(Bloomberg) — Ethiopia appears poised to miss an interest payment due later Monday on its December 2024 dollar bond, becoming the latest emerging market country to default on its debt.
The country’s finance ministry said Friday it was “unable to pay” the $33 million coupon due to the country’s “fragile external position.” She added that “restricted discussions” she had had with a group of bondholders had so far been unsuccessful.
However, the Ethiopian government has proposed a restructuring that would avoid capital losses for bondholders in exchange for a lower coupon. That helped push the price of the $1 billion Eurobond due December 2024 up by one cent, to 62.8 cents as of 10 a.m. in New York. The additional yield premium required by investors to hold Ethiopian debt remains at 5,442 basis points over Treasuries, according to data from JPMorgan Chase & Co. Spreads above 1,000 basis points are considered securities in difficulty.
“Bonds are gaining ground, as the initial conditions proposed by the government are basically in line with current market prices and there is some hope of a better outcome after the negotiations,” said Thys Louw, portfolio manager at Ninety One UK Limited. He does not hold the bond.
The bond extended gains after EMTA, the emerging markets trade association, issued a statement recommending that Ethiopia’s 2024 bonds entered into on or after Dec. 11 trade “flat” unless otherwise agreed. This means that buyers of the security will receive the interest each time it is paid.
Read more: Ethiopia to suspend debt payments and restructure Eurobonds
A default would put Ethiopia among the ranks of a growing number of developing countries that have defaulted on their Eurobonds in recent years, including Zambia, Ghana and Sri Lanka. Tunisia, Pakistan and Bolivia are also considered at risk, as the bond market valuation suggests.
The Horn of Africa country still has a 14-day grace period before being considered in default, according to the bond’s prospectus.
The government informed bondholders on Friday that the significant decline in foreign exchange reserves “inevitably impacts the ability of the Ministry of Finance to service impending external borrowings.”
In its restructuring counterproposal, the government asked bondholders to extend the amortization maturity from July 2028 to January 2032 and reduce the coupon to 5.5% from the current 6.625%. However, the face value must remain at $1 billion, meaning creditors will not need to swallow a so-called haircut on their holdings.
This proposal involves a reduction in the present value of the debt by around 33%, using a discount rate of 12%, according to Søren Mørch, portfolio manager at Danske Bank Asset Management, which holds the bond.
Default value “useless”
An ad hoc committee of bondholders said it viewed the decision not to make the payment as “both unnecessary and unfortunate.”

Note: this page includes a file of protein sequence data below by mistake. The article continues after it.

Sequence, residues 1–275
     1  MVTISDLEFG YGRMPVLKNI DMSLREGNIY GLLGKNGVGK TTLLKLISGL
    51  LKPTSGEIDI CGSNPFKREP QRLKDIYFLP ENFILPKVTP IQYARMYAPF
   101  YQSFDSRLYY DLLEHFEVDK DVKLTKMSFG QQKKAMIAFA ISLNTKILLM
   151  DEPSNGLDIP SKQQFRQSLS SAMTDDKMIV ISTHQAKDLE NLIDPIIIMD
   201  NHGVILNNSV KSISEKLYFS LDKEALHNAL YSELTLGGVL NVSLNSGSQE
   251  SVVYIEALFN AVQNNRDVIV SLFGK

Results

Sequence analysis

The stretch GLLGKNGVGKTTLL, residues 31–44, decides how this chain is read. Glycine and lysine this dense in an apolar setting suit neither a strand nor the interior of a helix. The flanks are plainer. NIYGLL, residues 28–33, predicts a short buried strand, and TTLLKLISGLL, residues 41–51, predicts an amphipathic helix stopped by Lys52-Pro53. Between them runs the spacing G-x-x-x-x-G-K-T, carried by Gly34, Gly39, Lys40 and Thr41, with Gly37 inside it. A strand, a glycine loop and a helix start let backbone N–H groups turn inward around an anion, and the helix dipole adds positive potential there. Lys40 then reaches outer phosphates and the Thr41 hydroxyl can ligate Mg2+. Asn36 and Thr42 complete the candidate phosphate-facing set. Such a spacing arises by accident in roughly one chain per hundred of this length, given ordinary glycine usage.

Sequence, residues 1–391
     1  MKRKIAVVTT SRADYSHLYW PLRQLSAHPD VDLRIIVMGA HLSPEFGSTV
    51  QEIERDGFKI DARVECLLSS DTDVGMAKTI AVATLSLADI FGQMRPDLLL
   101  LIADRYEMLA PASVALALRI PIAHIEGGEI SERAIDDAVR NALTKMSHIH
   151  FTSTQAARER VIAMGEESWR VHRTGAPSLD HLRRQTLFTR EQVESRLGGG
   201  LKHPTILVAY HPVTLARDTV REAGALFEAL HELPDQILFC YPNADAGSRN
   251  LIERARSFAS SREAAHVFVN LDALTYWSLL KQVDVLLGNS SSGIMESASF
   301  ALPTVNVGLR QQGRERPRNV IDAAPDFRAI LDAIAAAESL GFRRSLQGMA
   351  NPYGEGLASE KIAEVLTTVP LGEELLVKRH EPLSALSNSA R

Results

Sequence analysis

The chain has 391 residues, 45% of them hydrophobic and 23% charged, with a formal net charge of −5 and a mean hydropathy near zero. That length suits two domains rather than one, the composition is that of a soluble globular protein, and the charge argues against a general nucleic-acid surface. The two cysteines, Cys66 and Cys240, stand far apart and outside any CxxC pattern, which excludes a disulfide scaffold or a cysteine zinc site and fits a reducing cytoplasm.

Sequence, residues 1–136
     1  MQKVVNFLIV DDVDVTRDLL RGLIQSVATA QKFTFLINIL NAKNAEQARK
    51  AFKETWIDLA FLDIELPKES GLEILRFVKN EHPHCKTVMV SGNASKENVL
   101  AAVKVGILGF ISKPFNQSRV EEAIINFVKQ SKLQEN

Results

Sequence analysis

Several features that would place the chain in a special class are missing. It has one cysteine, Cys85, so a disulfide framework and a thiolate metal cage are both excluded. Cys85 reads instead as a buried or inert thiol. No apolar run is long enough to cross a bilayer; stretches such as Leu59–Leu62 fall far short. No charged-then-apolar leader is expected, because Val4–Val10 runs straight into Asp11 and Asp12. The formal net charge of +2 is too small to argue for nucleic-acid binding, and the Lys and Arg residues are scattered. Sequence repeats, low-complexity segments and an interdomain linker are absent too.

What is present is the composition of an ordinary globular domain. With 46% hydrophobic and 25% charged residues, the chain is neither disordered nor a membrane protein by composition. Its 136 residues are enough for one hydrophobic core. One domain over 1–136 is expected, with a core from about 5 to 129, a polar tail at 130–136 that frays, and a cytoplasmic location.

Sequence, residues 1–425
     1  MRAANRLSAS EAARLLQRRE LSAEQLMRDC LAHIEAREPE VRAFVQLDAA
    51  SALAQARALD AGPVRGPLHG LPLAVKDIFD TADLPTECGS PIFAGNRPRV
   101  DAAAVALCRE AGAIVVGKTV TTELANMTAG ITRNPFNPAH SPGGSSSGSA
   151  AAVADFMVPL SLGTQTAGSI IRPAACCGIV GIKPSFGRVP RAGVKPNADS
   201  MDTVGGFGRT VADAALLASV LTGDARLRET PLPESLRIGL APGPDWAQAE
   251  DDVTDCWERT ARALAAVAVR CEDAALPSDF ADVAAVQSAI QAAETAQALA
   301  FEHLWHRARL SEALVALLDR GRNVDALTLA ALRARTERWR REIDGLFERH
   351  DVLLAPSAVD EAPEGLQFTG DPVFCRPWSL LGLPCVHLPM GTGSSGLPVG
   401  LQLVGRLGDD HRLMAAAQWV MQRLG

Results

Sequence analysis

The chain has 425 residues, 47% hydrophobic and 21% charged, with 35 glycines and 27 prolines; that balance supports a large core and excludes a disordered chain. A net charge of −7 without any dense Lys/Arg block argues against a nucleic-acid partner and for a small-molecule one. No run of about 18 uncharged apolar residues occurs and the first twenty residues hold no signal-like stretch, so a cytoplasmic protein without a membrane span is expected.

Ethiopia is seeking to renegotiate its obligations through the Group of 20 Common Framework, which began to gain momentum after Zambia and Ghana made progress in restructuring their debts. This helps coordinate debt relief from public and private lenders, to set standards for debt treatment.
Ethiopia had already reached an agreement in principle with its bilateral creditors last month to suspend debt payments, after seeking to rework its commitments since 2021 as a civil war soured investor sentiment and undermined economic growth .
Time is now running out to reach emergency financing and an economic program with the International Monetary Fund, which will define the parameters of a debt restructuring. Its Paris Club creditors have set a March 31 deadline to approve the program, or they could declare null and void the debt service suspension agreed to last month.
“It is difficult to move forward until there is an IMF program and a debt sustainability agreement. So we should reach an agreement no earlier than the middle of next year,” said Kaan Nazli, portfolio manager at Neuberger Berman Asset Management, which holds the Ethiopian bonds.
The government will hold a conference call with global investors this week during which it plans to “present a proposal it could launch regarding the Eurobond”, according to the ministry’s statement.
The ministry said the Ethiopian government had proposed the following conditions to bondholders during recent restricted discussions:
- A four-year amortization period, from July 2028 to January 2032
- A nominal rate of 5.5%, of which 2.5% would be capitalized over the planned four-year IMF program period.
- The bondholders’ committee “continues to remain open to constructive and proactive engagement with the Ethiopian authorities.”
(Updates with bond movement in third paragraph, adds EMTA flat trading recommendation in sixth paragraph)
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